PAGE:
Bonnie said...

When I used to get migraines (don't anymore - blessed menopause!), I called the drug I was given for them a miracle. It cut down the pain considerably & the length of the migraine from 3 days to 1. The only drawback was it made me sleep for most of the day. I figured it was a decent trade-off - 1 day of sleeping vs. 3 days of pain.

I wish I had been given the drug many years before, but previous doctors (all male) dismissed my symptoms as not being "classic" migraine, so they let me suffer. A new doctor, when I described my symptoms to her, said, "We have a pill for that." I stuck to her like glue until she left the practice.

I have a feeling Dr. Grumpy is one of the rare male doctors who actually listens to his female patients.

Linda Myers said...

I think Zoloft is a miracle drug but Prozac and Paxil aren't. Thanks for this excellent post.

McDuckGA said...

People in general have totally unrealistic ideas about medications, their benefits and side effects. Trust me, we have the same problem on the veterinary end of things.

As an aside, I won $20 at bar trivia thanks to the Miracle Mets. The host read off the starting lineup for the '69 Mets, and I was the only one in the place (I'm in GA) who knew who they were. An advantage of growing up in the '60s in North Jersey.

tbd88 said...

I had a psychiatrist who gave me an excellent "there are no miracle drugs" lecture many years ago. In the same lecture he also said "if any doctor give you medication and tells you with 100% certainty that it will work, they're lying to you or just plain wrong." I have been through about sixteen different psychotropic drugs since 1991, and the last time I had to adjust was over ten years ago because I started taking lower doses of two antidepressants at once and it's prevented my annual fall-off. I'll never be "normal" but this helps me get closer.

Moose said...

About ten years ago, when I was dirt poor, I used to get my health care from a free clinic. If you went to the twice-weekly clinic, you never knew what kind of doctor you'd see. They were all volunteers, friendly folks who understood that when you're poor, you can't always be choosy about how you live.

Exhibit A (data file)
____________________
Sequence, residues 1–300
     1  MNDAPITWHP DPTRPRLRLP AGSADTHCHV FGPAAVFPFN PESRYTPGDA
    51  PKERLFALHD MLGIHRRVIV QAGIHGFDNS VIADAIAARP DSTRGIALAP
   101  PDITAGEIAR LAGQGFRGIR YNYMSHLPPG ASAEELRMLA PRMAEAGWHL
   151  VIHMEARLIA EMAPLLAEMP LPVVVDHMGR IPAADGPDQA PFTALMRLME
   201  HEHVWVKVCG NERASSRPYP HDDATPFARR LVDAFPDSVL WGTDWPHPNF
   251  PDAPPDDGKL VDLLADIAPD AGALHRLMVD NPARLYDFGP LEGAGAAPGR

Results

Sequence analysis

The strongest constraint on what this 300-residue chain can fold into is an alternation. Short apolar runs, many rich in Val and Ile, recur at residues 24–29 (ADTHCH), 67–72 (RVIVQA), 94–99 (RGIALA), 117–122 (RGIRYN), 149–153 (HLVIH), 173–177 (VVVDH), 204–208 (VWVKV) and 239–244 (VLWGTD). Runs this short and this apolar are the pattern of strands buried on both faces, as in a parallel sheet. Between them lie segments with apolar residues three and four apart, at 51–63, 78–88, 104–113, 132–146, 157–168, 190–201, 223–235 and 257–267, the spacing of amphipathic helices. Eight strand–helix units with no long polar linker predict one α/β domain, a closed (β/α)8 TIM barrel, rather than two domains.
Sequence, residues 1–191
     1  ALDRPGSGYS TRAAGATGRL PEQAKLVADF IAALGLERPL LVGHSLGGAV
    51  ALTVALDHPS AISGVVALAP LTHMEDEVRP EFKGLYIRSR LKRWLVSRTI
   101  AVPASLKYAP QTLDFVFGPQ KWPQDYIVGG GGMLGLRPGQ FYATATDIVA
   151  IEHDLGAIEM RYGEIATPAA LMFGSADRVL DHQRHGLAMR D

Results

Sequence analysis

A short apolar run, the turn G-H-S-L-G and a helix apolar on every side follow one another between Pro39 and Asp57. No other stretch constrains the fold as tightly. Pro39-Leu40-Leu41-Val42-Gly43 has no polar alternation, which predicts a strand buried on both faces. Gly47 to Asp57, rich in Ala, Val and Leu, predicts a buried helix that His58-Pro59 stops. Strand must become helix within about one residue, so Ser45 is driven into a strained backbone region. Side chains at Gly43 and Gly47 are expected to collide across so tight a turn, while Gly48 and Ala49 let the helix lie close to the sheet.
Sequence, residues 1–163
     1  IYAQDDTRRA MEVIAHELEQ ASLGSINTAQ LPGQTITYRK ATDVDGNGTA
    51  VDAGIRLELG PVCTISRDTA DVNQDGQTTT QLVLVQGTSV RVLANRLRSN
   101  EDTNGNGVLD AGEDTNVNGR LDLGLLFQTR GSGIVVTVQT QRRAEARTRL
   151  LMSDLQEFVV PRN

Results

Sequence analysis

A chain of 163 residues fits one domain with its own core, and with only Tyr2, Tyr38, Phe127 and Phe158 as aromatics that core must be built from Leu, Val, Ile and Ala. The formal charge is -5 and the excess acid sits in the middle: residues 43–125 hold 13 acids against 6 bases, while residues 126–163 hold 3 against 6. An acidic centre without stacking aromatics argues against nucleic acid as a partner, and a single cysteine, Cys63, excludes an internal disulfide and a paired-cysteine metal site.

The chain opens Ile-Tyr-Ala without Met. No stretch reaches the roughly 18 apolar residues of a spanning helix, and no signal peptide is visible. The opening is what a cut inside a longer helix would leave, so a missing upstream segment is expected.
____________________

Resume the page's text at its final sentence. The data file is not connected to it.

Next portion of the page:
Of those that stuck in my head, I saw a psychiatrist (who was retired from regular practice, but kept his license current), a variety of internists, a urologist, and a neurologist.

While going through my medication list the neurologist asked why I was taking two blood pressure medicines. I told him that one, lisinopril, was for mildly elevated blood pressure, and the other, verapamil, was started long before I had blood pressure issues, as migraine prevention.

He told me that, from his perspective, people with migraines fell into four categories: About a fourth got prevention from beta blockers. Another fourth got prevention from calcium channel blockers (like verapamil). The third group were helped by ACE inhibitors (like lisinopril). And the final fourth were boned and could only take reactive drugs like Imitrix.

Although I found that fascinating, I admit that I never looked into whether there was science behind this or just perception bias. (Doctors, as you probably know, are prone to "In My Practice I See" bias. Somewhere I have a link to an article by a doctor saying that those words drive him bonkers!)

[/end blather]

John Woolman said...

“There is no therapeutic rose without its thorns” , Sir John Gaddum (1900 - 1965).

Anonymous said...

looking at the data for aimovig, while statistically significant, it isn't all that miraculous. their 6 month study, depending on dose, showed a decrease of 3.2 to 3.7 days of migraine days per month (in months 4 to 6 after starting therapy) compared to a change of 1.8 days with placebo in people who had 8 migraine days per month. at the end of their 3 month study on people who also averaged 8 migraines days per month, the change in headache days was 2.9 vs 1.8 with placebo. better than nothing and probably worth a shot based on the safety profile but people are certainly still having headaches. i wonder what long term data will look like.

Brian said...

As someone who gets multiple cluster headaches (migraines) a month I have never found a miracle preventer and thus wouldn't bet on any such thing (as the triggers can be so very varied) in the future.

What I consider my "miracle" drug is what I take when I am getting one Sumavel DosePro (which was suddenly yanked off the market). I'm going to have to live with self injecting sumatripitan I guess.

Packer said...

Dudes and dudettes get on board there is but one miracle is weed. Or so I am told 50 times per day in my little autoimmune affinity group . In my state they have designated prescribers and I knew the local MD , who was a person with pretty advanced case of not knowing where she was at any given moment, so I decided against.